FREDERICK – Outfielder Michael Burgess missed a week then decided to take it out on everybody in June. Burgess is hitting .360 (9 of 25) this month with two doubles, two triples and a home run. On the flip side, 2011 second-rounder Jason Esposito put together the worst 10-game stretch in the Carolina League with a .088 mark in his past 10 contests. He also has fanned 11 times in that span.
MYRTLE BEACH – Who fills the Gallo Gap in this lineup? Could it be fellow helium prospect Nick Williams? The 2012 second-rounder is hitting .375 in his past 10 games with two doubles and a home run. He has scored eight runs and driven in seven. Nice, but perhaps Hanser Alberto and his .419 mark during those same 10 games warrants our attention. He owns a nine-game hitting streak and has a double, two triples and a homer in that span. Preston Beck is hitting .343 over his past 10 games with 11 runs scored, three doubles, a triple and a pair of home runs. Even when the Ranger organization’s top prospects are struggling, they’re better than you’d think. Jorge Alfaro is hitting just .157 in his past 10 games, but of his six hits, three were doubles, one a triple and one other was a home run. He also scored eight runs, thanks in part to walking five times during the downturn.
SALEM – Reed Gragnani was a fairly anonymous selection in the 2013 draft, coming to the Red Sox organization in the 21st round from just down the road from Salem at the University of Virginia. Despite all of Peraza’s huffing and puffing, Gragnani holds a comfortable lead in the Carolina League batting race, hitting at a .337 clip. More impressive, Gragnani boasts more walks (32) than strikeouts (24) and is even outstripping Peraza over the past 10 games with a .371 batting average (and a whopping 12 walks). He has turned into a significant run producer as well, scoring 12 runs while driving in 11. If there is a knock on Gragnani, it’s that he turns from butter to margarine against lefties. He’s batting just .220 against southpaws this season. Carson Blair, a catcher, has come alive in recent days to give the Red Sox another bat to bark about. He is hitting .429 in June (9 of 21) with two doubles and a triple (did we mention he’s a catcher?). He also has 11 RBIs. Carson and Gragnani have had to pick up the slack somewhat since Jonathan Roof was promoted to Double-A Portland. Carolina Leaguers can be proud of their alumnus, who has debuted at Portland in torrid fashion. Roof also is batting .429 this month (9 of 21) with three doubles and two triples.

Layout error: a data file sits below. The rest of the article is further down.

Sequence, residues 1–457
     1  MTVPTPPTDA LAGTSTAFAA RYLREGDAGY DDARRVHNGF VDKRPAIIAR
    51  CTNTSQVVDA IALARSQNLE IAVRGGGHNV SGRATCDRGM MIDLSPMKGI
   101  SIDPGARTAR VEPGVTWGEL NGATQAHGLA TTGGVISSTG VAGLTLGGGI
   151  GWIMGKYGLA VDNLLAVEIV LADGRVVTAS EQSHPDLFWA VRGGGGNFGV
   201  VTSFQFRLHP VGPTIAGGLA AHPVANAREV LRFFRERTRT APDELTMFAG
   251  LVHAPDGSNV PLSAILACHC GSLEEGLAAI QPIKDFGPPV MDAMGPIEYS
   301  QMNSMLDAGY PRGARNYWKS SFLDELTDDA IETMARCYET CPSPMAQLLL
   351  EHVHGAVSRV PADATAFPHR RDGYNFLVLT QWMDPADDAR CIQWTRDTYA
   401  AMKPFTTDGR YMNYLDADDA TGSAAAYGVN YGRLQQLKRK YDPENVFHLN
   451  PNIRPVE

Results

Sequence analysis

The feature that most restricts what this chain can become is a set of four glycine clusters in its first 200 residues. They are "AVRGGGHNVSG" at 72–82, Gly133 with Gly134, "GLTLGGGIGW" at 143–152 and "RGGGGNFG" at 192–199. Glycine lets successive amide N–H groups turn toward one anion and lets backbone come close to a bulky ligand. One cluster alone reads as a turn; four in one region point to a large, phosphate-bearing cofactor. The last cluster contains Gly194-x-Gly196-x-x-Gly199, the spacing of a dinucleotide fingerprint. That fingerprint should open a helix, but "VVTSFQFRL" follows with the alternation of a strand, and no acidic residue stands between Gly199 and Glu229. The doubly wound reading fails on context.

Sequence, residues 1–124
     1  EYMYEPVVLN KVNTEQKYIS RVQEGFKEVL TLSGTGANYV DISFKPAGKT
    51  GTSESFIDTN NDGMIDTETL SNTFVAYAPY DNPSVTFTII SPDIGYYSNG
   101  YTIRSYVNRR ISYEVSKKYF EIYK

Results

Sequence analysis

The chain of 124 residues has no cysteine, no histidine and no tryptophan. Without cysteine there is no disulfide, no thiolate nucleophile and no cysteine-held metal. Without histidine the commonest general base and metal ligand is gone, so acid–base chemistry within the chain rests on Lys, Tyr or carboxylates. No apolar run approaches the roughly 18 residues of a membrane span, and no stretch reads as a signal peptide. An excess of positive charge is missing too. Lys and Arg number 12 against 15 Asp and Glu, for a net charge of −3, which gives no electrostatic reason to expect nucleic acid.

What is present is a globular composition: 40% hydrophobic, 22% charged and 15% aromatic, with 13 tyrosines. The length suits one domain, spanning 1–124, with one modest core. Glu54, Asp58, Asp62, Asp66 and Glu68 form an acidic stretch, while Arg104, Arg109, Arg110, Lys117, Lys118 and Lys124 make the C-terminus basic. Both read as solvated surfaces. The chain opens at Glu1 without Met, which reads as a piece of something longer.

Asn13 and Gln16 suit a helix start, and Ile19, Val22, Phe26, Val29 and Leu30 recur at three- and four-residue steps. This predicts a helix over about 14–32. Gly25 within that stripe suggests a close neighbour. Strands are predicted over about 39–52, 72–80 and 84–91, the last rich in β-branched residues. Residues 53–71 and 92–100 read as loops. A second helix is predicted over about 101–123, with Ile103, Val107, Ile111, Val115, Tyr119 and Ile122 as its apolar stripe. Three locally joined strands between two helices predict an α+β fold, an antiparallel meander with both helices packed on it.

CAROLINA – Back when the Tampa Bay Rays got good, the result was having to draft in the back end of the first round rather than at the very top. Faced with this scenario for the first time in 2009, they selected LeVon Washington with the 30th overall pick. Washington didn’t like the terms (the Rays lowballed him) so he went to Chipola Junior College and lost ground. Cleveland plucked him in the second round of the 2010 draft. He has since struggled to stay healthy and in a lineup. In his first significant playing time this season, Washington has responded overwhelmingly at the plate. He’s batting .330 overall, including .385 in June. Over his past 10 games, he’s hitting .341 (14 of 41).
WINSTON-SALEM – If you know who Coats and Hawkins are, then you certainly know of Tim Anderson, another top White Sox prospect. Anderson has put April’s woes behind him and has pushed his batting average to .306 this season after a ferocious 10-game stretch in which he has hit .409. He has a league-best 18 hits in that span with six doubles, a triple and two home runs. Last but not least is Justin Jirschele, son of longtime Royals coach and minor-league manager Mike Jirschele. The NDFA out of Wisconsin-Stevens Point is batting .456 in 17 games with the Dash this season. He’s hitting .417 (15 of 36) in his past 10 games with four doubles. He’s another of those extreme split fellows, hitting a whopping .490 against righthanded pitching. For the freak stat of the week, consider Jirschele’s average with the bases empty — .556. That’s right: 36 at-bats, 20 hits.